It is impossible to know how many times William Shakespeare’s Henry V has been staged since it was penned in the 16th century – indeed a new production of the history play opens in the West End starring Jude Law in a matter of weeks – but rarely have sandcastles and balloons played an integral part in the tale about England’s monarch and his victory at the Battle of Agincourt.
Then along came Ignace Cornelissen’s adaptation of the text, which is currently delighting young audiences at the Unicorn theatre with royal strongholds made of those tiny beach-dwelling granules and floating red orbs filled with helium in a production for children aged eight and older.
Official London Theatre’s Kate Stanbury met the woman reigning over the Shakespearean sandpit, the show’s director Ellen McDougall, and discovered what she loves about staging classic plays for children, how balloons are ideal for depicting violent warfare and why it was important for the writer to change aspects of the Bard’s play in order to set an example to children today.
You’ve worked at the Unicorn theatre several times before. What brought you back?
Purni [Morell, Artistic Director of the Unicorn] asked me to read the script about a year ago and I’d seen the production of A Winter’s Tale, which was by the same writer, so I was really interested to read this version of Henry V. I really love making work for young audiences. I love how much they connect with the work and you can really read their responses. They don’t feel inhibited to comment and tell you when they’re bored or having a good time.
How To Think The Unthinkable and The Man With The Disturbingly Smelly Foot, the two shows you previously directed here, were both based on plays by Sophocles. What draws you to modern adaptations of works that were written a long time ago?
Antigone is one of my favourite plays; it’s about a young girl – [How To Think The Unthinkable] was for 11 to 15-year-olds – and that moment when you start to disagree with your parents so it just felt like such an active subject for that audience. Philoctetes was a story that I didn’t know before, but of course you should write a version of this for children, it’s about a man with a smelly foot! What’s not to like for an eight-year-old? Both seemed to really work for the age group they were pitched at. Similarly, with this, when I read it I thought there were really valuable things in this version of the play, there are things that [Cornelissen] has changed very deliberately for a young audience. For example, in the original, in the very last scene Henry and Catherine agree to marry, but in our version that doesn’t happen. She’s got a much more independent voice and I think for young girls that is a more useful story than a princess who just says yes to every man who tells her what to do.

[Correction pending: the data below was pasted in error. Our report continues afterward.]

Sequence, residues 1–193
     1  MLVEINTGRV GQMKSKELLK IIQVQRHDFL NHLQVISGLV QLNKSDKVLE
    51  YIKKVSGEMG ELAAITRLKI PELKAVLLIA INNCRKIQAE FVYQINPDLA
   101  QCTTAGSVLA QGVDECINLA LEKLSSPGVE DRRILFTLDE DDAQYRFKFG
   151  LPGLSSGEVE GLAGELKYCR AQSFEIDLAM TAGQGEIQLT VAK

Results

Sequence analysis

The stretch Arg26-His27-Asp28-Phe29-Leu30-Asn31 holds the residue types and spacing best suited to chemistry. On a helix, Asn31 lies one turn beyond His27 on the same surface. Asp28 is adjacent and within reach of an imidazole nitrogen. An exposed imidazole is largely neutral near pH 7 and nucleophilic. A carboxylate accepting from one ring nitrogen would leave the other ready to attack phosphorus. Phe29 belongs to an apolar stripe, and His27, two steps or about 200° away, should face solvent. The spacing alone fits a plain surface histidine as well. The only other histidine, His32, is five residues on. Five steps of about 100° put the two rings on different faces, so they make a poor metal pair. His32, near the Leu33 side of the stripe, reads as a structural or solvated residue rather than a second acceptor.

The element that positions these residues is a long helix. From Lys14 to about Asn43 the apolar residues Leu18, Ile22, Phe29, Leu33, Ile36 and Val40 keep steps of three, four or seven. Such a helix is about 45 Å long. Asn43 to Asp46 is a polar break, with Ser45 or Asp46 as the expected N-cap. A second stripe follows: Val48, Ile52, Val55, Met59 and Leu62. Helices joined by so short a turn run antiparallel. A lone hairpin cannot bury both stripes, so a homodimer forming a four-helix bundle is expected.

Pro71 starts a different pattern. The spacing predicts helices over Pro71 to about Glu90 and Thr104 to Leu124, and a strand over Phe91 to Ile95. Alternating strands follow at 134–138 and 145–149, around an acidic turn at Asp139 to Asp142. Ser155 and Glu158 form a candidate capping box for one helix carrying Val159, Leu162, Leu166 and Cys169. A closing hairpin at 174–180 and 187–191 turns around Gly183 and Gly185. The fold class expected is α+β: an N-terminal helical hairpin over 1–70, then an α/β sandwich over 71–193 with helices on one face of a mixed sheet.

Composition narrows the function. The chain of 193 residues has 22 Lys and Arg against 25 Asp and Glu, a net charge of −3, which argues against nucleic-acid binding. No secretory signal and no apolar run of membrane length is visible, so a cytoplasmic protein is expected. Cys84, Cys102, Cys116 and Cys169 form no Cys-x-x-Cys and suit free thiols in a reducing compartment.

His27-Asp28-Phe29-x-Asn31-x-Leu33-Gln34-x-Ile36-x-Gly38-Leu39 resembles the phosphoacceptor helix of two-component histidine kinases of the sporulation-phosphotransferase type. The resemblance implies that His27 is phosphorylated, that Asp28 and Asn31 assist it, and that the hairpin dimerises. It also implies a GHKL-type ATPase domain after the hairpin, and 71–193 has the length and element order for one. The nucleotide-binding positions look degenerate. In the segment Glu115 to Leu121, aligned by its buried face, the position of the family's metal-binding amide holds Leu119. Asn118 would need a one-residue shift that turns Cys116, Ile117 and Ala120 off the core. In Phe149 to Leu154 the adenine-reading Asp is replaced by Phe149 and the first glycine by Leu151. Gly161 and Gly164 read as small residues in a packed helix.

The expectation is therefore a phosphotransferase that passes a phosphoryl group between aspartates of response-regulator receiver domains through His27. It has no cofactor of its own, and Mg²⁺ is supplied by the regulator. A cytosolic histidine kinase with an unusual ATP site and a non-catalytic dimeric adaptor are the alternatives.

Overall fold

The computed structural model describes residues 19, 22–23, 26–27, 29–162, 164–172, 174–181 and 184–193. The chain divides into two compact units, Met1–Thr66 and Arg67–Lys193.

What do you think this version tells children about such a timely subject as war?
We’ve been at war as a nation for 12 years now and it’s not something you really think about every day because it’s not on our shores. But that is very much part of the world we’re living in at the moment and I think it’s really important that children are aware of it. I suppose the question that the play is asking is how easy or difficult is it to go to war? The war is a consequence of a disagreement between two people and, as Catherine in fact points out, if they’d talked to each other maybe they could have resolved it without killing so many people.
How do you go about conveying warfare for children on stage?
The castle is a sandcastle and the armies are represented by balloons. At the beginning of the play, and in the Shakespeare version as well, the chorus, or in ours the narrator, says: “You’re going to have to imagine a battlefield because there’s nothing we can do to represent it.” We can’t show you the horror of real war, we’re not going to kill people and we’re never going to achieve the reality of that on the stage. So you have to imagine it. What I love about the balloons is that it’s so far from killing people that you can imagine killing people more. Somehow moving it so far from reality keeps the picture of what it must be like in real life.
The play has been updated to the modern day and doesn’t contain Shakespearean verse. How do you ensure that children still associate the play with our historical and literary past?
I want people to take it on its own terms, but I suppose the upshot is that later in life when they encounter the Shakespeare play they’ll go “Oh, I remember that other one” so it’s a nice introduction to it. It breaks it down so that it’s something that you can absolutely understand.
How important do you think it is that children are introduced to classic works like these at a young age?
It’s great. Shakespeare was an incredible writer and the wealth of ideas and information in those plays is extraordinary. If there’s a way to make that more accessible to young people then brilliant! Making sure that children think that this has something to say to them and isn’t just for adults is crucial.
Although it’s for children, do you think adults will be able to take something away from it too?
Yes, I think so. There are a lot of lines that work on more than one level. Sometimes stripping away the fact that it’s Shakespeare, that it was written at a particular time and about a particular historical moment, and just looking at the people involved in the disagreement and how it escalates can make it resonate more closely. I think there’s a value to looking at the basic ingredients of the play and what it’s saying about the way we live now.
Are there any other classic plays you’d like to see staged for young audiences?
All of them!